Remember those neat gadgets M was always dreaming up for James Bond? Their beauty was that they were well designed and terribly complicated, like Swiss astronomical watches, and they had a great many functions. Probably the best two were the briefcase in "From Russia with Love" and that custom car in "Goldfinger."
The great thing about these gadgets was that after M explained them to 007, they just sat around for a long time looking like briefcases and cars. Their tricks were spread through the film, and always came as a surprise when they finally were sprung. Suspense! Timing! Humor! As when the Chinese spy ejected himself from the driver's seat.
The gadgets were symptomatic of what made the first three Bond films such perfect representatives of the sex-and-sadism spy genre. It was as if the director had gone over every line of the script with a design engineer at his elbow and lovingly worked all the functions of the gadgetry into all the folds of the plot so that everything held together in a subtle way.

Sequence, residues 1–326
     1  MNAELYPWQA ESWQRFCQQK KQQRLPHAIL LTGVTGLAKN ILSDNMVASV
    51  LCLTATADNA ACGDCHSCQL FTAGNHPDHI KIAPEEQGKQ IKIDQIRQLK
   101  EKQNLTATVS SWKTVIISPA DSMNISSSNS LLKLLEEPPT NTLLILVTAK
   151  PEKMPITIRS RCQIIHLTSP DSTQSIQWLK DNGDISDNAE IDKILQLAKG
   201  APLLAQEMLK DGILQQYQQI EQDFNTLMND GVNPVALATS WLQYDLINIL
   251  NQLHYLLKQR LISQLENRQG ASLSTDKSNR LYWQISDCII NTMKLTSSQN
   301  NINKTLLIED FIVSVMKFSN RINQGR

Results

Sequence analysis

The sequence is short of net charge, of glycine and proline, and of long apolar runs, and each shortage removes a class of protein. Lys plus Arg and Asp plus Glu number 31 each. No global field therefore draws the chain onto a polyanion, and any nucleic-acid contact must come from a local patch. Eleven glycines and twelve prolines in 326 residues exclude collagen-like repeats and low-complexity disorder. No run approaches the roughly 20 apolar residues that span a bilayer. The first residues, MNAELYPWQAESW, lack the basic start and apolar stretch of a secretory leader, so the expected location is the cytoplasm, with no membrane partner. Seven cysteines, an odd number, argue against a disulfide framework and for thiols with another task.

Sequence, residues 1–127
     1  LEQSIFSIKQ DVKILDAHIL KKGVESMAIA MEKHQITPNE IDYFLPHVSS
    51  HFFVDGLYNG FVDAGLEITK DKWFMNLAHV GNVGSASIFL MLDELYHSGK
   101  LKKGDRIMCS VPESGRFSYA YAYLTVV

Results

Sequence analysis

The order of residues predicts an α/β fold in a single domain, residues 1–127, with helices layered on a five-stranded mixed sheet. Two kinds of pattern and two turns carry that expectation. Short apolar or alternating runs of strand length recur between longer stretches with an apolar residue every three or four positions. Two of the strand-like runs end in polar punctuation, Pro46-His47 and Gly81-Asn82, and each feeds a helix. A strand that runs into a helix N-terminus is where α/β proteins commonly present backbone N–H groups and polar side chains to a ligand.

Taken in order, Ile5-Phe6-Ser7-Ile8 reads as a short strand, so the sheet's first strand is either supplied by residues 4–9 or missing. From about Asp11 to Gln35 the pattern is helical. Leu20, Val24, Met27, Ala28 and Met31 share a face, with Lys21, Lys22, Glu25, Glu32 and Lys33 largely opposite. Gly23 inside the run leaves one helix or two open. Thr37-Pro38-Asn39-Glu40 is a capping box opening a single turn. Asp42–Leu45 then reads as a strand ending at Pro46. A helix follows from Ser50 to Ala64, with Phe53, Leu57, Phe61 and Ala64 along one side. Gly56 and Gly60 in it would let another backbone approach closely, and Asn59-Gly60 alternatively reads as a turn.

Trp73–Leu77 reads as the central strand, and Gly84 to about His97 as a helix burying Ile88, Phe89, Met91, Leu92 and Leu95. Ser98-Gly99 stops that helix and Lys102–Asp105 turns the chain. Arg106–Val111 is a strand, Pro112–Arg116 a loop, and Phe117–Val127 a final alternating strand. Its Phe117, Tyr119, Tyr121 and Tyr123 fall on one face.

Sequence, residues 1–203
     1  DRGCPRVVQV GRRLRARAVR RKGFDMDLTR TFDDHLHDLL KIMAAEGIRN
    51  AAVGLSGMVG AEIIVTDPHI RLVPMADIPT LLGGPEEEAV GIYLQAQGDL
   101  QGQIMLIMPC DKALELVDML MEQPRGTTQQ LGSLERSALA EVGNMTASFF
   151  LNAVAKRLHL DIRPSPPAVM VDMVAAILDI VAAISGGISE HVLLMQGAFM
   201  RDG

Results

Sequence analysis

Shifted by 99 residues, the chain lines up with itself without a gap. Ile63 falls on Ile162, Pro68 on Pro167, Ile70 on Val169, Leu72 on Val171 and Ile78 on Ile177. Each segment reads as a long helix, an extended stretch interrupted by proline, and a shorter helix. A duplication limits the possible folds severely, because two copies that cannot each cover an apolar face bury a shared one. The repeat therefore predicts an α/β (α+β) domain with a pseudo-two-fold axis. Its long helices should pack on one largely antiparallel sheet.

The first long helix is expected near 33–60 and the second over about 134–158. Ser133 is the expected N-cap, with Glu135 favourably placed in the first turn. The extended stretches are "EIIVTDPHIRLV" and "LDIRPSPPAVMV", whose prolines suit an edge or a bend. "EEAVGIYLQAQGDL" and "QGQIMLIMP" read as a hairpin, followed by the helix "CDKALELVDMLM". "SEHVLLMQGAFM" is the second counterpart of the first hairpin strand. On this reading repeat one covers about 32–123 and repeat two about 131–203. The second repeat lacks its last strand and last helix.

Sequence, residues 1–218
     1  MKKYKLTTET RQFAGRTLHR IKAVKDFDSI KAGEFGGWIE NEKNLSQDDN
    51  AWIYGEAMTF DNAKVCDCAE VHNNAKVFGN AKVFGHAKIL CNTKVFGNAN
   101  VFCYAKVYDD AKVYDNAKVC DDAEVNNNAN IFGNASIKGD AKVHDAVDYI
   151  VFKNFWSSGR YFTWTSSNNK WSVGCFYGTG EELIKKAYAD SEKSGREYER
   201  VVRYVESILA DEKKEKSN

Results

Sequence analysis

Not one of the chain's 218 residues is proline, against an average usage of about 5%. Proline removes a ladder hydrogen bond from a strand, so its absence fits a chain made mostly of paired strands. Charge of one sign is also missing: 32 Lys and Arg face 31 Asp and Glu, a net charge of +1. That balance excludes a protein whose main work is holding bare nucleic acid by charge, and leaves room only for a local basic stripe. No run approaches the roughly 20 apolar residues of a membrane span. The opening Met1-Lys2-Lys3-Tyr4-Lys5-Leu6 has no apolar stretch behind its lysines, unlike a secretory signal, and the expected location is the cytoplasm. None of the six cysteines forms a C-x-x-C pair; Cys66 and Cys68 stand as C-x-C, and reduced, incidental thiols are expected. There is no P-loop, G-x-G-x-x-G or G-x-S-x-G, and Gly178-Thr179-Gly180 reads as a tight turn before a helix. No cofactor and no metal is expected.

A great deal of money was spent on the fifth Bond epic in an attempt to duplicate this mystique, but in "You Only Live Twice" the formula fails to work its magic. Like its predecessor "Thunderball," another below-par entry, this one is top-heavy with gadgets but weak on plotting and getting everything to work at the same time.